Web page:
Military Job Description

I’m reading a biography of a man who served in the US Army in Vietnam, and it says that he was an S3 Operations Officer for a brigade of 5000 soldiers. What exactly is an operations officer, and what would his duties have been?

The Operations Officer is essentially the senior vice president of operations for the organization.

Brigade S3 is a very responsible position with a lot on the line, even in peacetime.

Not exactly sure what he would do on a daily basis. But I can be a little more specific than LSLGuy.

S3 Operations manages the brigade’s assets. It’s a desk job that tasks out the resources available to the brigade. This can be personnel or equipment.


The ops officer in a Seabee battalion was responsible for all the construction projects and any tactical exercise logistics, such as movement of equipment and troops. A heavy-duty position.

I guess what I’m wondering was whether an S3 would have a role in developing battle plans. Would he have been sending people into combat, devising attack plans and so forth? Or is this more of an administrative role, rotating troops in and out and overseeing supply lines?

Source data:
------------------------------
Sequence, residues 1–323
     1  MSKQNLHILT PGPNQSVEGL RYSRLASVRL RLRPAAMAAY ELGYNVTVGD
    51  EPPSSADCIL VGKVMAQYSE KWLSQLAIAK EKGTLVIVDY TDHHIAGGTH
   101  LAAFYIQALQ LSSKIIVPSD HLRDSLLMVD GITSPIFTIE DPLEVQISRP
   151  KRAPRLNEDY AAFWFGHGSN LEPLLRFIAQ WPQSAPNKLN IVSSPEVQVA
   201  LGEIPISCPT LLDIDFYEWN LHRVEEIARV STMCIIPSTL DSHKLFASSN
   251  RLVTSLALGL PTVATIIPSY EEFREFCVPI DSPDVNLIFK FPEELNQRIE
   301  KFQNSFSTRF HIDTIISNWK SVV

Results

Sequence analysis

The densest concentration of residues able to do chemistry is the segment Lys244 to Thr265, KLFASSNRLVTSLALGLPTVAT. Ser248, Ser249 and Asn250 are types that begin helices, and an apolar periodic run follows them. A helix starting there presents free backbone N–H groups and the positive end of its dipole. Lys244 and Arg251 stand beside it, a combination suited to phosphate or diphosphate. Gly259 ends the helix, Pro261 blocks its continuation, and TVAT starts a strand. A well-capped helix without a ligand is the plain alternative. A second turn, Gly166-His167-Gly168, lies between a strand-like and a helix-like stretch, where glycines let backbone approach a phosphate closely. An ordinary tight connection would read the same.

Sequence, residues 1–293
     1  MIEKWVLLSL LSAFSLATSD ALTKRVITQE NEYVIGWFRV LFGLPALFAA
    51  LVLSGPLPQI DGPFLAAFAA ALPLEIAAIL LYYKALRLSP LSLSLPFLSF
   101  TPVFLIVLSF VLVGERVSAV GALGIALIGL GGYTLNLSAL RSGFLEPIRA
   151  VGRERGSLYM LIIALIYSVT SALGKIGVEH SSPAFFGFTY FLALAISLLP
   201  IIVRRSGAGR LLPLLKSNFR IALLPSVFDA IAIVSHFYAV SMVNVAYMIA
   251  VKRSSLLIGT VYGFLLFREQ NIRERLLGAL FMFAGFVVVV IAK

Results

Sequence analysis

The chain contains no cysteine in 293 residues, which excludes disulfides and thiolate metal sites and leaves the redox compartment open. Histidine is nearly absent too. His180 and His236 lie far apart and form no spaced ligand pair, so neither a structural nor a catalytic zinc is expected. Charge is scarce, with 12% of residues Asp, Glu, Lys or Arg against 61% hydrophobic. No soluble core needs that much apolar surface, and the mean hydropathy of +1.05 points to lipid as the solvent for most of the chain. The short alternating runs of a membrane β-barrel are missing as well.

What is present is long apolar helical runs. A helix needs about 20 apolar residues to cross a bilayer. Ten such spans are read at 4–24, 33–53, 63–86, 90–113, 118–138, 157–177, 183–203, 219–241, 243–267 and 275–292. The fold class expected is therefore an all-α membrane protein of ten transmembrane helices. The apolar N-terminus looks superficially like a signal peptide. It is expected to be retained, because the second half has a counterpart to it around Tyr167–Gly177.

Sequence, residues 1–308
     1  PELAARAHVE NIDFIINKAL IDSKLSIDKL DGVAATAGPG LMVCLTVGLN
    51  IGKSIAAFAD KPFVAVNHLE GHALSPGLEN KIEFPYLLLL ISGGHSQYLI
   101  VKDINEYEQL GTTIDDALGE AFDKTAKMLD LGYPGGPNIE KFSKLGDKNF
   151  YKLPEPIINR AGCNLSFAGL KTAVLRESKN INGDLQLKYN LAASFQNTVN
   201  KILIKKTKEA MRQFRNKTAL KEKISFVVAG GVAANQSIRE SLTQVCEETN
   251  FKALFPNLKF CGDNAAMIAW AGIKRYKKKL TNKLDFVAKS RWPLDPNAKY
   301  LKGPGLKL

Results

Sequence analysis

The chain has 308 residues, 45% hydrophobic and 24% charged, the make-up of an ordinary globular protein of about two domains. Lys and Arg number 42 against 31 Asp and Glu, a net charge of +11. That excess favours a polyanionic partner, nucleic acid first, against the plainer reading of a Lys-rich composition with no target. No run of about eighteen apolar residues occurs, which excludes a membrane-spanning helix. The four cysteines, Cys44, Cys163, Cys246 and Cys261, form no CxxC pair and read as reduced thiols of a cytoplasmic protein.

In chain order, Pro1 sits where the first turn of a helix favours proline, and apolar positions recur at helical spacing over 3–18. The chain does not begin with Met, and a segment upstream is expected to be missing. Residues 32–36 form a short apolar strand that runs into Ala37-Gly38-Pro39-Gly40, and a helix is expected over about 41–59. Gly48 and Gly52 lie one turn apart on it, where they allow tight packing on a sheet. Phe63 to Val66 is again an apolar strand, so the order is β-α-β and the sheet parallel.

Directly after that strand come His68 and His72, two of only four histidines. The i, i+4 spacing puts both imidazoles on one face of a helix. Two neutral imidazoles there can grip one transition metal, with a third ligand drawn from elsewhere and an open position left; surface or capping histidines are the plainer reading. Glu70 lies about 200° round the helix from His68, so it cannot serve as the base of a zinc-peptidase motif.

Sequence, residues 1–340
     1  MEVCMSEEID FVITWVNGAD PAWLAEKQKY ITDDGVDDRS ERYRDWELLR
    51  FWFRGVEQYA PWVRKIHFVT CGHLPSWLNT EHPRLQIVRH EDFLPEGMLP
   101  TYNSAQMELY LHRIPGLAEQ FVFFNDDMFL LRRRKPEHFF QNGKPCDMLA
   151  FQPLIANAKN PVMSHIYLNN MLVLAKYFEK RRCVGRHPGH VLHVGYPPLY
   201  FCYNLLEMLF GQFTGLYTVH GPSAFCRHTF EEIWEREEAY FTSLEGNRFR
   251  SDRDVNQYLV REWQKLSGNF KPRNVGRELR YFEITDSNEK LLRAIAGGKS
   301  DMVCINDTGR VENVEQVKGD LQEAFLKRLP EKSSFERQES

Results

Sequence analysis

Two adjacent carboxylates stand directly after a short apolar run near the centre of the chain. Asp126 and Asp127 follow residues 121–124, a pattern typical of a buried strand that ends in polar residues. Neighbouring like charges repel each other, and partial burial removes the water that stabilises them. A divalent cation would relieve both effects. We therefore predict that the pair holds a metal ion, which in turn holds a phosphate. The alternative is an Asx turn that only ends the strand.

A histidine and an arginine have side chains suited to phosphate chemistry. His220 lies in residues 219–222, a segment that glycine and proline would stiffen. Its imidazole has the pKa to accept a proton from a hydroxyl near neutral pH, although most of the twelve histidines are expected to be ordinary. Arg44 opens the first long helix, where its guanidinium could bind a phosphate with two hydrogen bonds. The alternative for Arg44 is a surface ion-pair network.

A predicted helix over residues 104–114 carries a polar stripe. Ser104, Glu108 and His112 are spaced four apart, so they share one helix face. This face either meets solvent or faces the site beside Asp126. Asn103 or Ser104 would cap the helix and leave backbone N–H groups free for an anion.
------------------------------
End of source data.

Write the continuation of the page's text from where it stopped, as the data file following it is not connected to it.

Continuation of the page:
Ok, I can help you out a bit here. I was in the HHC for 3rd BDE 1st Cavalry Division for 2 years in Ft. Hood–spent a year in the S-2 Shop and a year as a armorer and mail clerk.

In an Army battalion HQ or higher (brigade/division/Corp) there are 4 Sections:

S-1 Personnel
S-2 Intelligence
S-3 Operations and Training
S-4 Logistics and Supply

For some independent brigades, or division and higher, a 5th shop is added: S-5 Civil Affairs.

The S-3, the officer in charge of the section, is responsible for all operational planning of the unit. This includes formulating and distributing battle plans (areas of responsibility and objectives) as well as training (what type/when/where). The S-3 shop is the largest section in any HQ and is constantly busy.

The S-3 must be able to work with the CO, XO, and be able to integrate information from all of the other sections as well as setting the objectives for the sections. He is by far the busiest person in the unit and has the most stress. Of course once an officer has successfully completed a tour as a S-3 he will be nearly guaranteed an XO slot himself in the near future.

Xgernina did a beautiful job of explaining what I wasn’t willing to spend the time on.

An S3 and his staff does a LOT of battle planning and followthrough execution thereof. In peacetime that’s the execution of training plans, getting units into the field, arranging the mock enemy and then “fighting”, as well as all the classroom training and small unit drills.

In wartime the enemy conveneintly arranges himself, but now the fighting loses the quote marks.

Imagine the VP of manufacturing in a manufacturing company or the warehouse manager in an warehousing company. This is the guy that everyone goes to for any real-time problem.

As Xgernina said, it’s a critical step on the road to your own command and probably the best hand-ons leadership job in the military. The USN & USAF have similar functions by different names.